Explainer: The relationship between the Beast from the East and climate

Published by Shane O'Reilly on

March 5th, 2018

The Beast from the East and Storm Emma have come and gone and we can thankfully look forward to the big thaw over the next few days.

Having survived the exceptionally cold temperatures and blizzards not seen on our island in decades, some, understandably, may be confused by all this talk of global warming.

Others may take the opportunity to scoff at scientists and environmentalists. But, what do we know about the relationship between this recent weather and our climate?

The first thing to make clear is the differences between weather and climate.

Weather refers to how our atmosphere is behaving at a given instant while climate, refers to the average weather conditions in a region over an extended period of time – over tens of years at least.

In recent days, Ireland has certainly experienced exceptionally unusual weather, way outside of what is expected of our normally mild climate.

Data shows that while Ireland and the rest of Europe were hit by freezing temperatures and blizzards, the Arctic was experiencing record-breaking warm winter temperatures – as much as 35 degrees Celsius warmer than normal.

At Cape Morris Jesup in northern Greenland – the most northerly land weather station and thousands of miles north of Ireland – temperatures were above freezing for over two days.

We also know that the unusual weather in the Arctic and in Europe was not a coincidence – the cold polar air was transported from the Siberian Arctic to lower latitudes and westward to Europe.

Snow drifts in Co Kildare Photo: Niall Sargent

The Polar Vortex

Normally, there is a mass of cold air called the polar vortex circling around the North Pole about eight km high in the atmosphere – a region called the stratosphere. This circulating vortex deflects warmer air from lower latitudes.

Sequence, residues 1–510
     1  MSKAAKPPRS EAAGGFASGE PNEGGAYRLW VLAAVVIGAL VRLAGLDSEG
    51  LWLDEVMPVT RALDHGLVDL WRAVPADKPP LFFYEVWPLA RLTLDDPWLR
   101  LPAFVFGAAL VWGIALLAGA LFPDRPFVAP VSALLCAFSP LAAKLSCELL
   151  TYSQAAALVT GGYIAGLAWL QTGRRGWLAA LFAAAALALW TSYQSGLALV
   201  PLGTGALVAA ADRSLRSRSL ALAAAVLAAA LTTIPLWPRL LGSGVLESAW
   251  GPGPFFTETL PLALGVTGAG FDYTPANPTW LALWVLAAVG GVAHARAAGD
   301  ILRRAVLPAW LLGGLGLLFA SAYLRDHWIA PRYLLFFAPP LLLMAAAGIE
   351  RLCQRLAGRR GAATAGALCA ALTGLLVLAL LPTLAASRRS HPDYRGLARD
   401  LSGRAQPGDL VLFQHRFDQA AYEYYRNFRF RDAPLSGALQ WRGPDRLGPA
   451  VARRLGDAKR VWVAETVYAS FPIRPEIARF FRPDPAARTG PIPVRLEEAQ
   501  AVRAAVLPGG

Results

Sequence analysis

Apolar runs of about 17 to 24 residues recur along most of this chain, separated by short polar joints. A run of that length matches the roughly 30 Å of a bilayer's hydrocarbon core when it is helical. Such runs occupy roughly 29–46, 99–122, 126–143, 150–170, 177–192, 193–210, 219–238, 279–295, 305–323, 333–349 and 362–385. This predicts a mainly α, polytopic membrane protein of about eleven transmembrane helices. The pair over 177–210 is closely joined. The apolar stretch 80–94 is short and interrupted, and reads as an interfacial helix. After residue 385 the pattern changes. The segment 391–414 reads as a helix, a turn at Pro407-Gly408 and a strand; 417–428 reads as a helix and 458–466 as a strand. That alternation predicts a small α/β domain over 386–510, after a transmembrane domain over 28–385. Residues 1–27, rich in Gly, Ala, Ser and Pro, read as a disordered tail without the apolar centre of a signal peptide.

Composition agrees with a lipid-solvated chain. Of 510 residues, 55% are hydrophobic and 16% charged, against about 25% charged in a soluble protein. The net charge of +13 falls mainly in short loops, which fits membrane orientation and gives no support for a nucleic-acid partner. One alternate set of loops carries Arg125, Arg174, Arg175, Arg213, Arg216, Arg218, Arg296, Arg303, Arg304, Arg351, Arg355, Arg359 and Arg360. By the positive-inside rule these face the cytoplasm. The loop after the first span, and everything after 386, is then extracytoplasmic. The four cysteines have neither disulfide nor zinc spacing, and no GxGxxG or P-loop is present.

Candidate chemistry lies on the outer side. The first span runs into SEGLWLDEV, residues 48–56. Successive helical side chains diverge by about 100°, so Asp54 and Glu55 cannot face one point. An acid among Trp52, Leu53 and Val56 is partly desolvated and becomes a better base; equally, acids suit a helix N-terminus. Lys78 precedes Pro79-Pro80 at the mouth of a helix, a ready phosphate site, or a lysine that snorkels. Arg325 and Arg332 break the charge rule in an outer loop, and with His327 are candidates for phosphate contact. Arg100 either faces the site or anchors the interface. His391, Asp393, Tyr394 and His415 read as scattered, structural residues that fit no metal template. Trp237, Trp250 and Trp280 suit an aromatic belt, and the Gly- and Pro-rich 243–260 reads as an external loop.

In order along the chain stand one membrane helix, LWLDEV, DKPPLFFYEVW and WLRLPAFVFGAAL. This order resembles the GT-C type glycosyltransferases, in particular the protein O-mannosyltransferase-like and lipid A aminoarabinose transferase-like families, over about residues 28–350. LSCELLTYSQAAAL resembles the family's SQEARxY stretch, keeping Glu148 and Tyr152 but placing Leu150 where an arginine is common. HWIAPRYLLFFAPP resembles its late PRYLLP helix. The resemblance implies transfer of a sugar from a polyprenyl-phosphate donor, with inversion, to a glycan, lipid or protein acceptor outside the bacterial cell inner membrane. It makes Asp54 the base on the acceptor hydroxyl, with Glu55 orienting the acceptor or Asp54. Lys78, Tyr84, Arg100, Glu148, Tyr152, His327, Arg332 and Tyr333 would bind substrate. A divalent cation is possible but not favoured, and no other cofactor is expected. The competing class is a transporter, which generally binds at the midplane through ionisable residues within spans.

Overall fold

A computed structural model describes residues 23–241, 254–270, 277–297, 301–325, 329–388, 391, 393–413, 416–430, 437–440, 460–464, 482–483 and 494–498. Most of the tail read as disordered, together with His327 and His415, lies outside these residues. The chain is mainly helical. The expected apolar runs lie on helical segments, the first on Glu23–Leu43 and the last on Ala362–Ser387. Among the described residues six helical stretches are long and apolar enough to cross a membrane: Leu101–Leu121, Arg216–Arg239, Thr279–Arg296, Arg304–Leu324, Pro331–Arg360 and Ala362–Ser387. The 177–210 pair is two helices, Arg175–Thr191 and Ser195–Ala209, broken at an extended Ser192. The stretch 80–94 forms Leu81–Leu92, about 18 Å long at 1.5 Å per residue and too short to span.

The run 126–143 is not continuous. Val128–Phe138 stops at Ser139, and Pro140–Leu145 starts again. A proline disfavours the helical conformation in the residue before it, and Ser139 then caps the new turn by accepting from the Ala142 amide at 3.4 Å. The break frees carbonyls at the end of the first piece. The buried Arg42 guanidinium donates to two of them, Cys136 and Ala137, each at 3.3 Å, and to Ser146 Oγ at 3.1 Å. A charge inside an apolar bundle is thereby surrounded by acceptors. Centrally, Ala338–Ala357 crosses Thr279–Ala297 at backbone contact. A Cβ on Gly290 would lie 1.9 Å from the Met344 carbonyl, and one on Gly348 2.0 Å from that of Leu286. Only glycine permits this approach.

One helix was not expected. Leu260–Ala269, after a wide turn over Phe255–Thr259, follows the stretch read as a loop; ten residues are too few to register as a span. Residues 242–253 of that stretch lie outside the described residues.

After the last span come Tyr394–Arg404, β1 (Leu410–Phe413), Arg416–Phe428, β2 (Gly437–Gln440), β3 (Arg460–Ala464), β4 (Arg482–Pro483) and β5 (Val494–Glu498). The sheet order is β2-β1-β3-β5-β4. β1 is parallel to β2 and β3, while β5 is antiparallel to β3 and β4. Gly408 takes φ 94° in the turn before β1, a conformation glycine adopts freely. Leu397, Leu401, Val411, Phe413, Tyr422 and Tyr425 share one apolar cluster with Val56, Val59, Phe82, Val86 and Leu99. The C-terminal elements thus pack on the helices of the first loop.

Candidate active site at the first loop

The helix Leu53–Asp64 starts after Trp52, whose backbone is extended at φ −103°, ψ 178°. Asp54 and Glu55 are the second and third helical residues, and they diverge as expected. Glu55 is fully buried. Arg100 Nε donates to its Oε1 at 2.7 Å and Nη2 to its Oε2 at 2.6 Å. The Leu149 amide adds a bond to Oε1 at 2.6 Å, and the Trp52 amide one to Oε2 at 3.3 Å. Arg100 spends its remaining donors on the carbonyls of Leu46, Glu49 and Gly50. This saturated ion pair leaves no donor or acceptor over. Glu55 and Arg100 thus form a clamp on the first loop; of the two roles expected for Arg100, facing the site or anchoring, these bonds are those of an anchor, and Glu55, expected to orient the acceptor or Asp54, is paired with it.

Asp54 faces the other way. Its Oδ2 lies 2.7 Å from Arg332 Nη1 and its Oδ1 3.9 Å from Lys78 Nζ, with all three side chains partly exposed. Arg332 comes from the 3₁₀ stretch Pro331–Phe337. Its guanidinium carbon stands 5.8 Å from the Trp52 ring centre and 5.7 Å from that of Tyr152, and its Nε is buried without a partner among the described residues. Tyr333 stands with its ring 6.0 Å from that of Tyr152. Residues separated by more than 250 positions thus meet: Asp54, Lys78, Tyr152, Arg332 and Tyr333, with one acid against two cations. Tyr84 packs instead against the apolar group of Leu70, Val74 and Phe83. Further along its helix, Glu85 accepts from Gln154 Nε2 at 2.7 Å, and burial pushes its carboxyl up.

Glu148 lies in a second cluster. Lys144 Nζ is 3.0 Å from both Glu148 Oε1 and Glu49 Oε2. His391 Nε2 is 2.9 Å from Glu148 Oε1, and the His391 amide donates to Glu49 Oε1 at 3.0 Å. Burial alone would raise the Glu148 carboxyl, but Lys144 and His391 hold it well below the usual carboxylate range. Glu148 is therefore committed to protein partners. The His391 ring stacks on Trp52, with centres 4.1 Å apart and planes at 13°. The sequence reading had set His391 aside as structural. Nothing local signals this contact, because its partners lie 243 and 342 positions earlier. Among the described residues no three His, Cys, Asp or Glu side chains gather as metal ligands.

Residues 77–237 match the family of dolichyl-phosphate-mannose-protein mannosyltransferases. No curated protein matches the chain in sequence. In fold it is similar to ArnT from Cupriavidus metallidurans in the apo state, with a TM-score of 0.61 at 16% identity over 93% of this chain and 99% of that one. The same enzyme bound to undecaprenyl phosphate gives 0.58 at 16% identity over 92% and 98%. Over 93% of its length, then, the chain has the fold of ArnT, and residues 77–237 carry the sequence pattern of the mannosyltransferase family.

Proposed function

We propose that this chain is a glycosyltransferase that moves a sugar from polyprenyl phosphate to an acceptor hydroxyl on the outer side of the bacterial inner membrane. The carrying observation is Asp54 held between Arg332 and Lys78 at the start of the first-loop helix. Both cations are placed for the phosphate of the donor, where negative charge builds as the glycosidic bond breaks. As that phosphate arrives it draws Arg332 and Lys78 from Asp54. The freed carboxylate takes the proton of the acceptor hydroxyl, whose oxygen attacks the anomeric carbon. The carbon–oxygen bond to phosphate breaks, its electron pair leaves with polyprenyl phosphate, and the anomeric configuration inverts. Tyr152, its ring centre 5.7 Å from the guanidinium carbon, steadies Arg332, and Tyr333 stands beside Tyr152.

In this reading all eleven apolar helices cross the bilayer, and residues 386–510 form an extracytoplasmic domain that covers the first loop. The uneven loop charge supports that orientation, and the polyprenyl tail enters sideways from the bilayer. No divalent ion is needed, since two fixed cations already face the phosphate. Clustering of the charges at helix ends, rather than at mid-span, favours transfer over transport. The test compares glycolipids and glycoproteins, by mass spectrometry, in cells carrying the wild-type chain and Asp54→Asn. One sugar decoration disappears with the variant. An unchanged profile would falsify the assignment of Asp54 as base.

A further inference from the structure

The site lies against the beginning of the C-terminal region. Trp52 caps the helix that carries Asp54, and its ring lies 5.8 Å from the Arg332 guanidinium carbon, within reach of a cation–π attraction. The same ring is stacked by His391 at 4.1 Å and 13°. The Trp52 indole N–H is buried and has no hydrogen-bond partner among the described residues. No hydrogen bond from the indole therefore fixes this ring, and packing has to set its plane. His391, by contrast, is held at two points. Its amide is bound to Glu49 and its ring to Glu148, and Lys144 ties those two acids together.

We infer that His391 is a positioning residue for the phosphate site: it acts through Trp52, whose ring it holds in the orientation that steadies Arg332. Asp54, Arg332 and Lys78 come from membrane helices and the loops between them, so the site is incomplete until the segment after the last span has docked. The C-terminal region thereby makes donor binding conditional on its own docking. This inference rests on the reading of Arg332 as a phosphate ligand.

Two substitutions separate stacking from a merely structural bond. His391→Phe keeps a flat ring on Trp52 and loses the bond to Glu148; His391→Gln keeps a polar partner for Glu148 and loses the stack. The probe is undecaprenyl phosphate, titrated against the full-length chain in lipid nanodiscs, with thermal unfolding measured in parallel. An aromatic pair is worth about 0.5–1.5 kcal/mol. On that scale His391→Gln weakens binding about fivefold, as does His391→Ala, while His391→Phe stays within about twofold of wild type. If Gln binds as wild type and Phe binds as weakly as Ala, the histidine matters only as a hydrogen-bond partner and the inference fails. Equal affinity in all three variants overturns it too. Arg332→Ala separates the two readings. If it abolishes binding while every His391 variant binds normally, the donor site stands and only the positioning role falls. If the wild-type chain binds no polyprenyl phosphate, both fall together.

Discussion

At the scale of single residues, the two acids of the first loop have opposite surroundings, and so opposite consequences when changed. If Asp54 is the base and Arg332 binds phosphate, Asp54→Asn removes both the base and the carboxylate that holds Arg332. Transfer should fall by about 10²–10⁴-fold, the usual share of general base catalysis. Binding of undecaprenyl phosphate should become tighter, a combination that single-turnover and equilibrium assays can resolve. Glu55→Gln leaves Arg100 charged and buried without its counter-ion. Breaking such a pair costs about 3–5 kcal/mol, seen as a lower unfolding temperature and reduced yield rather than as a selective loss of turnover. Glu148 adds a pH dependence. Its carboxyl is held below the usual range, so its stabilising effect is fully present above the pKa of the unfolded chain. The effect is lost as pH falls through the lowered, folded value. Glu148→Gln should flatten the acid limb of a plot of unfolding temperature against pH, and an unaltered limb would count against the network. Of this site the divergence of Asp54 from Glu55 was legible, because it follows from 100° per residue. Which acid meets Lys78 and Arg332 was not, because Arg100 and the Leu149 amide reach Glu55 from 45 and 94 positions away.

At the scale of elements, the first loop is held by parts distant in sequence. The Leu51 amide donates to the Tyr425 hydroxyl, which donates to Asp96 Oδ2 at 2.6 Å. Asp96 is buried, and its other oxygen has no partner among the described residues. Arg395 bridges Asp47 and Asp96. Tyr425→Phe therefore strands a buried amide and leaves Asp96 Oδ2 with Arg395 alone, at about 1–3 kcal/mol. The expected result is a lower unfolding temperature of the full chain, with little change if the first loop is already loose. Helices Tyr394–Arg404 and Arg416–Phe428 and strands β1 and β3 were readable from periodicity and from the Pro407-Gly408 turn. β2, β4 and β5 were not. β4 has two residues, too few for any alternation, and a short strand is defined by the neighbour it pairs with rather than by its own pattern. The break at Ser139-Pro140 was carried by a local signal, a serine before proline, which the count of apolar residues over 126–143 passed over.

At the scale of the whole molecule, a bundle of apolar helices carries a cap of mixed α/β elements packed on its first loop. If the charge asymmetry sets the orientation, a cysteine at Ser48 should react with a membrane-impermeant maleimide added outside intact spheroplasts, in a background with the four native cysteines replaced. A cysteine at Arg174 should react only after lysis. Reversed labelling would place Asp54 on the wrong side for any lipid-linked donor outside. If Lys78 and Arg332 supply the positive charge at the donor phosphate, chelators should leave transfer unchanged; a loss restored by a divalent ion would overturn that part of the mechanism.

In early-to-mid February, a sudden warming of the stratosphere occurred due to intruding warm air from lower latitudes. This disrupted the circulation of the vortex and split it into two.

This disruption had a knock-on effect for circulation patterns at lower altitude and latitude – the most important of which was a reversal of winds in mid-latitudes and put Europe in the path of the so-called Beast from the East.

Can we say conclusively that the Beast from the East (or other recent extreme weather events) was caused by climate change?

The short answer is no, although I should add ‘yet’ for reasons I will explain below.

Variations in daily temperature or precipitation above or below the average are normal – otherwise, we would not bother to calculate averages.

For decades, scientists have been working to fill in knowledge gaps relating to how and why climate has changed in recent years and during Earth’s long history.

Climate scientists use this accumulated knowledge to improve our predictions for the future.

For this work, scientists need time to interpret measured data, repeatedly test hypotheses and build a consensus.

We should, therefore, press pause on any debate that attempts to conclude that the Beast from the East was a freak event or a product of a shifting climate system. We need to wait for more data, more evidence.

The main warnings from scientists are decades old at this stage – our atmosphere is warming, ice caps are melting and sea-level is rising at alarming and unprecedented rates. We know this is due to runaway carbon emissions.

A 2016 study showed evidence that the decline of sea ice in the Arctic is having the knock-on effect of allowing warm low-latitude weather systems to transport heat to the North pole.

As of this January, Arctic sea ice is at its lowest extent on record and the Arctic continues to experience winter heat waves.

In most walks of life – be that legal, business, sporting or otherwise – we rely on people with credentials and experience to make decisions and take actions based on evidence.

When not all evidence is available, experts err on the side of caution and lowest risk.

Why should how we deal with the Earth – our one and only life support system – be treated any different? That is the real conversation we need to be having.

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Shane O'Reilly

Shane is a contributor to the Green News. He is an environmental research scientist, based in University College Dublin and Massachusetts Institute of Technology. He earned his PhD in environmental chemistry from Dublin City University.